12 Great Horror Movie Sequels You Shouldn't Miss

New Line Cinema
New Line Cinema

Like a perfectly-timed jump scare in a slasher flick, sequels to successful horror films are inevitable. Horror movie sequels tend to get a bad rap, whether for relying on ridiculous gimmicks (remember when Jason Voorhees went to space?) or completely invalidating the originals. But for the hundreds of just plain bad sequels out there, there are some gems that occasionally rival—or even outshine—their predecessors.

We spoke with some experts in the world of horror about the second, third, and even sixth franchise installments that deserve a spot on your binge-watching list this Halloween season.

1. BRIDE OF FRANKENSTEIN (1935)

One of the earliest horror movie sequels ever produced also happens to be one of the genre’s best. Not long after Universal found success with Frankenstein in 1931, director James Whale and star Boris Karloff returned to make the second part of the story. Bride of Frankenstein was a commercial and critical success, and is widely considered not only one of the best horror sequels, but one of the best sequels to a classic film ever made.

“James Whale took all that was fascinating, horrifying, and darkly humorous in the original and elevated it all,” James Kendrick, professor and director of undergraduate studies in the department of film and digital media at Baylor University, tells Mental Floss. “A postmodern horror masterpiece before anyone knew [what] postmodernism was.”

2. A NIGHTMARE ON ELM STREET 3: DREAM WARRIORS (1987)

Eight Nightmare on Elm Street movies have been released since the original hit theaters in 1984, but not every sequel (or reboot) was created equal. According to Fangoria contributor Anya Novak, 1987’s A Nightmare on Elm Street 3: Dream Warriors stands out from the pack. “It leaves Elm Street behind for the bulk of the story, and it dares to give the victims supernatural agency that they didn't have in the previous two films,” she tells Mental Floss. “It all makes for a fresh entry in the series, a rare win for any third film in a horror franchise.”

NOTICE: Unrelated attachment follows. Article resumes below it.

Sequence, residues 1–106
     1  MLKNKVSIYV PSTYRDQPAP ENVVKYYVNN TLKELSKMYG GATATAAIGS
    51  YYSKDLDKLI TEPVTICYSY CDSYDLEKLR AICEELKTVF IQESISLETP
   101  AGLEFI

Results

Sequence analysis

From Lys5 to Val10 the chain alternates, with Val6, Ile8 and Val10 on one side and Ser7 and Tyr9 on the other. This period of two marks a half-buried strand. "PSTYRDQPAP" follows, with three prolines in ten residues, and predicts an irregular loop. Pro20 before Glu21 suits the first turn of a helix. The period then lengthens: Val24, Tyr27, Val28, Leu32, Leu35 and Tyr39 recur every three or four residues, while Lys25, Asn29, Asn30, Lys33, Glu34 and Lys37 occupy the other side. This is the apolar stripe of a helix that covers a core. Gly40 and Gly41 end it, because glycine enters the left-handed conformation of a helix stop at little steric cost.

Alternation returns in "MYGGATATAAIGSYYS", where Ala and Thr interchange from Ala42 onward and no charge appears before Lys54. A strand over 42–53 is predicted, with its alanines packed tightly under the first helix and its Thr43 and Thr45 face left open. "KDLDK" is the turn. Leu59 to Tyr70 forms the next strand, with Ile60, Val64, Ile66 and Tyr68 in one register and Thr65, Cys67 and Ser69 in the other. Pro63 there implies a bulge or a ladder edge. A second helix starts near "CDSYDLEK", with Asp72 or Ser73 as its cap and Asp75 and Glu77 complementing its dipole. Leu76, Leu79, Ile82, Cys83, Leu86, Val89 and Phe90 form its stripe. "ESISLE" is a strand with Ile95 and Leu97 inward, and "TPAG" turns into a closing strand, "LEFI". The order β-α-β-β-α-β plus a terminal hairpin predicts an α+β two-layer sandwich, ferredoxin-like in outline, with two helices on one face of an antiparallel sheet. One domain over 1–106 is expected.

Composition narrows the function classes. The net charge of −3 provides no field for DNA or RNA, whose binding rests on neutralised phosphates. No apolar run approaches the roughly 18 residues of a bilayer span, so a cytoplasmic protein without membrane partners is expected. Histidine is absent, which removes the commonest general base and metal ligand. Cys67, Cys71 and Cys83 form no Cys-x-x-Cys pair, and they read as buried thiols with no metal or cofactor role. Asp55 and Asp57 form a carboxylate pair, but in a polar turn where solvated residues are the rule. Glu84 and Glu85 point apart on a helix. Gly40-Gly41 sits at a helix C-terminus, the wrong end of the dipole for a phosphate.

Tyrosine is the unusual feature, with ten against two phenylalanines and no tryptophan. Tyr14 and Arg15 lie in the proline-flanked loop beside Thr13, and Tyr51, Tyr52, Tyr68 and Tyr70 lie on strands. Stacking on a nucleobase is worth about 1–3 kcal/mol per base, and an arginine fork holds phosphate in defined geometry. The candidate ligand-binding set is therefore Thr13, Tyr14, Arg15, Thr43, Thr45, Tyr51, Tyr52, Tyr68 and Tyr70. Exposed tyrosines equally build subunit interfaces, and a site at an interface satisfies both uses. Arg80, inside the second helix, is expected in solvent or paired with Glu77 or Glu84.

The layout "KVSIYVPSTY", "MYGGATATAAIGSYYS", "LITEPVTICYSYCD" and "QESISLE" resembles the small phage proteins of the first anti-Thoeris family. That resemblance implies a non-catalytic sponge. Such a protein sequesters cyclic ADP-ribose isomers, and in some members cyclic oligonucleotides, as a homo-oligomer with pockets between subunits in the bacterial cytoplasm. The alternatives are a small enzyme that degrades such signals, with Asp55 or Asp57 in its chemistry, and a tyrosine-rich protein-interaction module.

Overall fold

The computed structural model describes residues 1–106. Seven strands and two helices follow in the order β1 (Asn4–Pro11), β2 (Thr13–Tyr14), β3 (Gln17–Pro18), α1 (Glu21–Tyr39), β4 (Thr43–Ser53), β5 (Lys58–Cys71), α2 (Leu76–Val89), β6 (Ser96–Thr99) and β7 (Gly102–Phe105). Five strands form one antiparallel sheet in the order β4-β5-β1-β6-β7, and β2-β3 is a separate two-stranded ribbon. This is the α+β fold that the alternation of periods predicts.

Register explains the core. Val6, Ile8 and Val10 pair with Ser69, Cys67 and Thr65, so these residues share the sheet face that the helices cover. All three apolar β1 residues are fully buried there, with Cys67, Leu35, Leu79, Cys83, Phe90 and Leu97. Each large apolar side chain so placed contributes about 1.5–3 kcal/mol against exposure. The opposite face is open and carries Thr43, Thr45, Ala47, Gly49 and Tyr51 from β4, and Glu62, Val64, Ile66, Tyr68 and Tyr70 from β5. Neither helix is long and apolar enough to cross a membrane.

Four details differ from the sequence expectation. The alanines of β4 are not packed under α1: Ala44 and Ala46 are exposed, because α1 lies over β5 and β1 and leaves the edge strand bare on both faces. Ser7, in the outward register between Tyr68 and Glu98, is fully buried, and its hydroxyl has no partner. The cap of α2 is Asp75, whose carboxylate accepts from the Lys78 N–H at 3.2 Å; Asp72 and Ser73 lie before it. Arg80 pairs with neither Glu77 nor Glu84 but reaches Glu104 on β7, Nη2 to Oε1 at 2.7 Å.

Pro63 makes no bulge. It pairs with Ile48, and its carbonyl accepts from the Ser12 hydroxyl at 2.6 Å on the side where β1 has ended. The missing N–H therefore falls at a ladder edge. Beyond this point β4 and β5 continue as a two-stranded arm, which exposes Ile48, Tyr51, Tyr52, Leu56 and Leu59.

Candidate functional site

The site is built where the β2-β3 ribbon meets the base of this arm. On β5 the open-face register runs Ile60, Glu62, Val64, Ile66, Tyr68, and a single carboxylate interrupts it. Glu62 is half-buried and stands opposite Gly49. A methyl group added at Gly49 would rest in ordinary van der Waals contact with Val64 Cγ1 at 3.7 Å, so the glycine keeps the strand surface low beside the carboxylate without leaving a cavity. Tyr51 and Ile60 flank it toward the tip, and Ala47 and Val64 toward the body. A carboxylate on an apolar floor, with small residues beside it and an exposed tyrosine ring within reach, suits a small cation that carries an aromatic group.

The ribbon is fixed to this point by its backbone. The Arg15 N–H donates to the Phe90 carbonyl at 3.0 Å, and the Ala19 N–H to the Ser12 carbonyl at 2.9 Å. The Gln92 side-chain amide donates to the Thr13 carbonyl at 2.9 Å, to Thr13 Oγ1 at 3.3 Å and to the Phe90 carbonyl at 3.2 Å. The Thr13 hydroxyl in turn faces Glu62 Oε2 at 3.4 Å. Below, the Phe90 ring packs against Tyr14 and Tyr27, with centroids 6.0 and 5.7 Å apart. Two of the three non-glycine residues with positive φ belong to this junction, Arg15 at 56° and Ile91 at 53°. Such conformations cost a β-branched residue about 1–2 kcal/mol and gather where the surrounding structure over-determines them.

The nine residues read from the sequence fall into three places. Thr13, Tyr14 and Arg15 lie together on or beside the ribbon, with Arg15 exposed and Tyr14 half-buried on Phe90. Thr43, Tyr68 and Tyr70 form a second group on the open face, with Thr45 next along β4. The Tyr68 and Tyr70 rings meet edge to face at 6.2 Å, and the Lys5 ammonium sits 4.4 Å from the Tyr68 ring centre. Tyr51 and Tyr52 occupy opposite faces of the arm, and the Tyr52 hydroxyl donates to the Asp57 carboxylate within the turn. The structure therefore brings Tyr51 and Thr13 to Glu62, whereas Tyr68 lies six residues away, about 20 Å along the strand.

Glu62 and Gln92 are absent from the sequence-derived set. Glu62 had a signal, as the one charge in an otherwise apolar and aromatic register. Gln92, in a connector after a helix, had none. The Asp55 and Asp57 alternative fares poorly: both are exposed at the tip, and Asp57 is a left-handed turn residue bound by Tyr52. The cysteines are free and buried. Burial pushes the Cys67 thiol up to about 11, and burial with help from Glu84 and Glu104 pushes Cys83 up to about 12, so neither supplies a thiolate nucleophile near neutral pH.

3. HALLOWEEN III: SEASON OF THE WITCH (1982)

The Halloween series made a bold move with its third installment by ignoring most of the elements that made the original film successful. Instead of standard slasher fare, Halloween III: Season of the Witch features supernatural themes that play with the holiday’s pagan roots—and Michael Myers is nowhere to be found. “This third installment of the Halloween franchise drew some ire from fans upon its release for dispensing with the franchise’s iconic killer,” Andrea Subissati, executive editor of Rue Morgue, tells Mental Floss. “Still, the years have been kind to it, and it’s now considered one of the superior entries to the franchise.”

John Carpenter and Debra Hill, the creators of Halloween, envisioned the franchise becoming an anthology series of standalone stories all taking place on Halloween, with Season of the Witch being the first. But due to the commercial disappointment of the film, this premise never took off and Myers was brought back for Halloween 4.